2. Identify how you’re using screens. It can feel pretty hypocritical to our kids when they see us using our phones, laptops, etc. unfettered. So if you do use a device in front of your teen, try to specify what you’re actually using it for: checking the weather, looking up a recipe, responding to a work email, anything. And if you are just using it for fun for a few minutes, that’s ok! We just encourage you to practice the same limitations on those activities that you’re asking of your teen, that way you can keep each other accountable, and both parties feel respected.

3. Create a safe space for differing perspectives. Having an open conversation where our kids can express their own thoughts and opinions can generate a healthier way of dealing with issues (especially when these issues directly affect them). When our kids feel like their perspective is respected and valued, they’ll be more receptive of our reasonings as their parents. So, create a space that allows for both you and your teen’s voices to be heard and find a healthy balance together.

4. Ask the reason behind their device usage. Understanding why teens spend time on their devices paves the way to understanding what’s healthy about their screen time and what isn’t. If they’re spending hours upon hours playing Fortnite because they’re bored, there’s likely a better way to navigate their boredom. But if playing Fortnite is one of their favorite ways to connect with their friends, we might approach the situation differently. You may ask your teen, “Are there any other ways you can hang out with your friends?” or ask yourself, “How can my teen connect with friends in a more dynamic way without completely taking away this important activity?” 

5. Devise a plan as a household. As you think about your family’s screen time use, devise a plan and list of activities that don’t involve your devices. Think of ways you can become closer as a family, and more intentional about your daily routine. Here are some tips when thinking about your family’s plan: 

  • Have regular mental health check-ins and look for signs of depression in your teen on a normal basis. Though it has its benefits, technology can also be the gateway to isolation, depression, loneliness, and several other mental illnesses that can get harder to conquer the longer you’re in them. By checking in with our teens, we can identify what they’re struggling with and help guide them out of it.
  • Observe the Sabbath once a week as a family and use it as a time to disconnect from your devices and instead focus on family time, personal reflection, or hobbies you haven’t picked up in a while. Challenge yourself and your kids to reflect on life away from technology, and learn how to be less dependent on devices. Use it as a time to rest in God’s presence and give thanks for what He’s given you as a family and as individuals. And if you want to take it a step further, start a tradition of device-free time one day a week, one weekend a month, and one week a year!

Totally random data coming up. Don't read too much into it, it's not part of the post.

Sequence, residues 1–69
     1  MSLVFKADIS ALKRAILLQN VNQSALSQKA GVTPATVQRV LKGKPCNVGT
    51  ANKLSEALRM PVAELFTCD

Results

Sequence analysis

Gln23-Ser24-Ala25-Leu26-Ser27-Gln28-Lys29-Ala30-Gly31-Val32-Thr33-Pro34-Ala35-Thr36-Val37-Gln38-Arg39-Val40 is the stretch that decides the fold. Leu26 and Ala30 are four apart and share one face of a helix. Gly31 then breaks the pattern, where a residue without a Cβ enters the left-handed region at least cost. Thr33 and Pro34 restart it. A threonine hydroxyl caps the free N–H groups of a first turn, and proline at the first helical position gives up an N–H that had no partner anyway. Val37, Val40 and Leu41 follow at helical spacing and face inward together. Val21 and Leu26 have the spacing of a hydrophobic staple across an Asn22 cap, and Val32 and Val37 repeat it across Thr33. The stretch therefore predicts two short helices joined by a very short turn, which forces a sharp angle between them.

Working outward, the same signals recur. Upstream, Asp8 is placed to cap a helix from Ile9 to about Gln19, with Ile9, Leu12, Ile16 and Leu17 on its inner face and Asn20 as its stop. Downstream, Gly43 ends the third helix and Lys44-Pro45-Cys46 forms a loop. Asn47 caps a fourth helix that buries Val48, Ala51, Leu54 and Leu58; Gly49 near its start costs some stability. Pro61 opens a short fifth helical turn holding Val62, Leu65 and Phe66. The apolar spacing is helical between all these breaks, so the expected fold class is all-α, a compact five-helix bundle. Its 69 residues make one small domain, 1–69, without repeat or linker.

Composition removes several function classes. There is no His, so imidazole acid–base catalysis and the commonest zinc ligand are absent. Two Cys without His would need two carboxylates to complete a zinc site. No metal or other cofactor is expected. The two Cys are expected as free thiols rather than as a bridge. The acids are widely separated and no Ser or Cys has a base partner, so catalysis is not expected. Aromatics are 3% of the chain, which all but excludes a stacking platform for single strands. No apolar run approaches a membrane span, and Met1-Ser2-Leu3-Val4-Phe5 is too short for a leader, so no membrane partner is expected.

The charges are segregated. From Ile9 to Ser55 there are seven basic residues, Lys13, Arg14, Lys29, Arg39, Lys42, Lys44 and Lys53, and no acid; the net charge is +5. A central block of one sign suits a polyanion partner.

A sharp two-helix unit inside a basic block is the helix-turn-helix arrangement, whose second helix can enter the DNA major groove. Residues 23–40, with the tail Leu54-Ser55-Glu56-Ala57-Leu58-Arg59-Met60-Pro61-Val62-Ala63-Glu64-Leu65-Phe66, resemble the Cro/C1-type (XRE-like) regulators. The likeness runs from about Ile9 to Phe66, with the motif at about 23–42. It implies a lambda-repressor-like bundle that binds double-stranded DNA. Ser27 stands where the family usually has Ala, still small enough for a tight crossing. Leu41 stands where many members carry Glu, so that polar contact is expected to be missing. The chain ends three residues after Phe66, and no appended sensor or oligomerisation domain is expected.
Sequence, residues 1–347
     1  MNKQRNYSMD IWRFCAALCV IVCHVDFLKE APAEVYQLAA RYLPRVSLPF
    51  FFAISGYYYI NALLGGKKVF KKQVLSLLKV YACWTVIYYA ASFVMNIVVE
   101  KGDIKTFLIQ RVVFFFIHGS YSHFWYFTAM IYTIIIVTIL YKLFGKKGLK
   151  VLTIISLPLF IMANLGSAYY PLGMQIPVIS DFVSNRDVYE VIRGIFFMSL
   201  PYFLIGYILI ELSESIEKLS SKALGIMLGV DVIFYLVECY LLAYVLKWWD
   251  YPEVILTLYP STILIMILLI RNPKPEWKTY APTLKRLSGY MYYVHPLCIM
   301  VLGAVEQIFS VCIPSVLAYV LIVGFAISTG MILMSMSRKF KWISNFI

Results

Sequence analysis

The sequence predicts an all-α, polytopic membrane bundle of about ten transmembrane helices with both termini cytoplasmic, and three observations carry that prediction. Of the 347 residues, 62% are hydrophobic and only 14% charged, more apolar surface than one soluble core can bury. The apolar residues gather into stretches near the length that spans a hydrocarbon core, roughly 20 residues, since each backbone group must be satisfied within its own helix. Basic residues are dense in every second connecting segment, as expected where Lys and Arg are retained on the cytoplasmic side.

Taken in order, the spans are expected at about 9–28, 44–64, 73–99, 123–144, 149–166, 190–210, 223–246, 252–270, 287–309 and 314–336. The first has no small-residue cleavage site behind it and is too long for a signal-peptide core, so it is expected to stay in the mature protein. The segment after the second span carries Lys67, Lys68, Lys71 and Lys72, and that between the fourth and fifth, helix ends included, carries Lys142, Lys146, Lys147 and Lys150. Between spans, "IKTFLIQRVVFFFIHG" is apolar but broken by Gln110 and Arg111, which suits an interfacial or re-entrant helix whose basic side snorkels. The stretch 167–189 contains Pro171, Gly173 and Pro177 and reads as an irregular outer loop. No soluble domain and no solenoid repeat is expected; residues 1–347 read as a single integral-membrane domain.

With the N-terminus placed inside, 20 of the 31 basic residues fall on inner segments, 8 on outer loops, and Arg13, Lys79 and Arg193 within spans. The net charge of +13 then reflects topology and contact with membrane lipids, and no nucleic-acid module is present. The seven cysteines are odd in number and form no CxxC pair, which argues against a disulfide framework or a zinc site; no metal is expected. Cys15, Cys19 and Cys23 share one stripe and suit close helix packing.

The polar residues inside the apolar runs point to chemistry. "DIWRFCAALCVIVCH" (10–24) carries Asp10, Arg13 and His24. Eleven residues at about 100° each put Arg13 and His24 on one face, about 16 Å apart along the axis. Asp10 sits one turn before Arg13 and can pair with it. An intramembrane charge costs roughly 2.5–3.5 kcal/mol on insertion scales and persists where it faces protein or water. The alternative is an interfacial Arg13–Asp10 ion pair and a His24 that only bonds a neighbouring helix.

• Section off areas of the house as screen-free zones. Whether it’s the living room, bedrooms, or the kitchen table, make sure that there are places within reach to escape from screens.
  • Make a list of everyone’s values in the family, and evaluate how your activities reflect these values. This is a chance for everyone to work together, make compromises, and find ways to keep each other accountable to the family plan! 

6. Remember, it’s okay to fail. There will be moments when you or your teen don’t perfectly practice healthy screen time, and that’s okay! We live in a time of constantly changing trends and technology that are easy to get caught up in. When you feel like you or your teen’s technology use is becoming a problem, take some time to reset to your plan. Or, if you find the plan isn’t working, try to isolate the problem, and look for new strategies that work best for you and your family! 

Overall, it’s our kids’ mental health, development, and connection to others that matters most when analyzing screen time. Too often we mistake our teens’ good behavior for their well-being. We see their good grades and sports accomplishments and think, “My kid is doing great!” But when we take the time to listen and have genuine conversations, we may realize that they’re not doing as great as we thought. When we have these conversations about healthy screen time, we can make sure we’re doing what’s best for them. 

Discussion questions 

  1. How much screen time do you have on a daily basis? (Hint: iPhones have weekly screen time reports that you can review!)
  2. Do you feel like you spend too much time in front of a screen? Why or why not? 
  3. For adults and teens: What are some compromises you are willing to make in order to have a healthier relationship with technology? 
  4. Do you feel like you're intentional with how you use your free time? Why or why not? 
  5. What is the biggest struggle you face with screen time management? Why?
  6. What is your favorite thing to do with your screen(s)? Why? 
  7. When do you feel the most connected with your friends and family? When do you feel the least connected?